Nonocular Melanocytic Neoplasia in Cats: Characterization and Proposal of a Histologic Classification Scheme to More Accurately Predict Clinical Outcome

Pittaway, R and Dobromylskyj, M J and Erles, K and Pittaway, C E and Suárez-Bonnet, A and Chang, Y M and Priestnall, S L (2019) Nonocular Melanocytic Neoplasia in Cats: Characterization and Proposal of a Histologic Classification Scheme to More Accurately Predict Clinical Outcome. VETERINARY PATHOLOGY.

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Abstract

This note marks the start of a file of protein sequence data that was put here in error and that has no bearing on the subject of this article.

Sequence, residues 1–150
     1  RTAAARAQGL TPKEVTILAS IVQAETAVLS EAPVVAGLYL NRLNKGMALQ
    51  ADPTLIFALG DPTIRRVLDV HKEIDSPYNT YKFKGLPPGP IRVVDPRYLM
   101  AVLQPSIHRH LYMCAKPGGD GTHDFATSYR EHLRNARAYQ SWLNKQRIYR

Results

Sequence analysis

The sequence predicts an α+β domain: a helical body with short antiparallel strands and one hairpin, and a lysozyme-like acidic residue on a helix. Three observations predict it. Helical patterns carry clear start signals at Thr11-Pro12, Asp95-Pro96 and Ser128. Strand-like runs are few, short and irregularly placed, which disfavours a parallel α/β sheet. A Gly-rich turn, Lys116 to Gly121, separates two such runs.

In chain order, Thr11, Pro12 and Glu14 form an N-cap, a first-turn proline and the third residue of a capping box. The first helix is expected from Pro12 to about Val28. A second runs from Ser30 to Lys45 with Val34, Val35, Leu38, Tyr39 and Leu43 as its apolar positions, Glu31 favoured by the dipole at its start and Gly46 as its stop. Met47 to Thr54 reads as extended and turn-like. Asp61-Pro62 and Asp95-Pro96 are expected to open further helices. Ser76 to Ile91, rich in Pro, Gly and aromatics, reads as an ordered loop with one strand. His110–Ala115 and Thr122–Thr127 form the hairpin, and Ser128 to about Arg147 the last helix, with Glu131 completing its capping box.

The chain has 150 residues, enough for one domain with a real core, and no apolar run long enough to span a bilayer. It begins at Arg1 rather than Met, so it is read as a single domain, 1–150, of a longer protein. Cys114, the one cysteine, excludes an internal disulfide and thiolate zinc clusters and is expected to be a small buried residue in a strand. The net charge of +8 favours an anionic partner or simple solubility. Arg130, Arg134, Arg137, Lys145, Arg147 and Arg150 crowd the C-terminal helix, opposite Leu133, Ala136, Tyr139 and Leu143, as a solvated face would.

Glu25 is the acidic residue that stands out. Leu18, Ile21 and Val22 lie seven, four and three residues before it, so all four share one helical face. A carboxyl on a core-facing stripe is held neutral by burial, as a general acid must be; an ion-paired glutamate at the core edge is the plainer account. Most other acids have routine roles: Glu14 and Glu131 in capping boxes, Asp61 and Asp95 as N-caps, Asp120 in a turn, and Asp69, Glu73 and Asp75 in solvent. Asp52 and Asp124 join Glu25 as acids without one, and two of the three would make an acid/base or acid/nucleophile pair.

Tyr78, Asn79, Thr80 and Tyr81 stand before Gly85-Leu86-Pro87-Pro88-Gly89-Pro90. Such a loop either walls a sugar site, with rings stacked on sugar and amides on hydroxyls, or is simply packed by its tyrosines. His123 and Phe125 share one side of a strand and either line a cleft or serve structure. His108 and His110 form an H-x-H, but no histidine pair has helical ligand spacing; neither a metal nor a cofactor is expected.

Nonocular melanocytic neoplasia is considered uncommon in cats yet is routinely encountered in diagnostic pathology and recognized to exhibit a wide variation in biological behavior. Accurate prediction of clinical outcomes is challenging with no widely recognized prognostic criteria. Signalment and tumor location were retrospectively evaluated in 324 cats diagnosed with nonocular melanocytic neoplasia. Histologic features were described in 141 neoplasms and outcome data were available in 79 cases. Immunohistochemistry using Melan-A, PNL-2, cyclooxygenase 2 (COX-2), and E-cadherin was performed in a subset (n = 24). Multivariate analysis identified tumor site, mitotic count, and the presence of intratumoral necrosis to be independent predictors of tumor-related death. On the basis of these findings, we propose a novel histologic grading scheme in which nonocular melanocytic neoplasms involving the lips, oral or nasal mucosa, or nasal planum are considered high grade if they fulfill 1 or both of the following criteria: at least 4 mitoses in 10 high-power fields (HPF) or presence of intratumoral necrosis; those arising elsewhere are considered high grade if they fulfill both of the above criteria. Of 79 tumors with outcome data, 43 (54%) were low grade and 36 (46%) were high grade. The grading system had an 80% sensitivity and 92% specificity for predicting tumor-related death in this population of cats. Median survival for cats with low-grade tumors was not reached, and the median survival was 90 days for those with a high-grade tumor. PNL-2 and Melan-A were sensitive markers for feline nonocular melanocytic neoplasia, and although not significantly associated with prognosis, a large proportion expressed COX-2, suggesting a potential therapeutic role for COX-2 inhibitors.